Time to put on the coffee.

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Late afternoon, Edgewater Lodge

It has been a beautiful day. I am so in love here.

After breakfast, we shared a brief closing ritual at the water’s edge before entering our boats for the journey out. Last night I had read a quote ascribed to DH Lawrence, which I shared this morning, next to the water, in love with my friends.

 “Oh, what a catastrophe, what a maiming of love when it was made a merely personal feeling. This is what is the matter with us: we are bleeding at the roots because we are cut off from the earth and sun and stars. Love has become a grinning mockery because, poor blossom, we plucked it from its stem on the Tree of Life and expected it to keep on blooming in our civilized vase on the table.” 

Yes, here in this place, in connection and communion with the earth, the fullness of my love is allowed to blossom, a full-bodied physical love where my body moves and stretches and touches and feels and reacts and follows its true allure, instinctively taking me where I long to be; a full-feeling sensual love where my eyes and my ears, my mouth and my nose – as well as senses unnamed and long since forgotten – are filled, informing me of my place here; a fully immersed, deeply connected love that is one with earth and her creatures, with water and sky, fire and wind, storm and stillness, with expanses and depths.  Here, love is more than a construct of thought and emotion, I know that I am alive because of it. May this time here have re-rooted me in that knowing, may I draw deeply from that connection.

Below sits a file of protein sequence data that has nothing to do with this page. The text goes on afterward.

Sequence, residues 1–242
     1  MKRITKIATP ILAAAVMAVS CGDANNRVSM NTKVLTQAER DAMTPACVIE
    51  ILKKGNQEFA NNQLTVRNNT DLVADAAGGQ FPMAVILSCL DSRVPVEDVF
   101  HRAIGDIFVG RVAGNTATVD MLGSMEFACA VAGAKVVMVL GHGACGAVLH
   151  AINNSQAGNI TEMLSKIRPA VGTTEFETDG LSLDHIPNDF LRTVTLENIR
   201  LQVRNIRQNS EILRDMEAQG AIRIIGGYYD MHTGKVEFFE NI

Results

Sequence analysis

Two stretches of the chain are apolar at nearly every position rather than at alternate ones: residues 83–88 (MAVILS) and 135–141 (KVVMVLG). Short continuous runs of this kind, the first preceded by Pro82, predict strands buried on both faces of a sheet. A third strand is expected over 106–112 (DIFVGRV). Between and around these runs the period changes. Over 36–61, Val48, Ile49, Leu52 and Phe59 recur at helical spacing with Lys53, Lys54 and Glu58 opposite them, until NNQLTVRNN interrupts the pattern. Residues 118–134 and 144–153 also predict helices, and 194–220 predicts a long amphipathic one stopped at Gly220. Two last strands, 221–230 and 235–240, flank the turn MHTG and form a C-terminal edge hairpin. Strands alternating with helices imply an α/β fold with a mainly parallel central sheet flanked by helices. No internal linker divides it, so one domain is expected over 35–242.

Alas, my camera has run through both batteries and I have no concrete images to take with me from the morning’s paddle, other than those imprinted upon my mind. The blues of the water and sky were spectacular, the red and oranges of maples ablaze, the yellows emerging, the reflections so deep it was like gazing downward at heaven. We paddled and portaged through unsurpassed beauty, slowly, lingeringly, absorbing every last drop.

I found myself grieving deeply, once again, to be leaving this place, tempted, tantalized by a glorious weather forecast to dry out our things, resupply our food barrel, return to the water, never go back.

Perhaps next summer I will stay for a month. Perhaps this will become my Appalachian trail.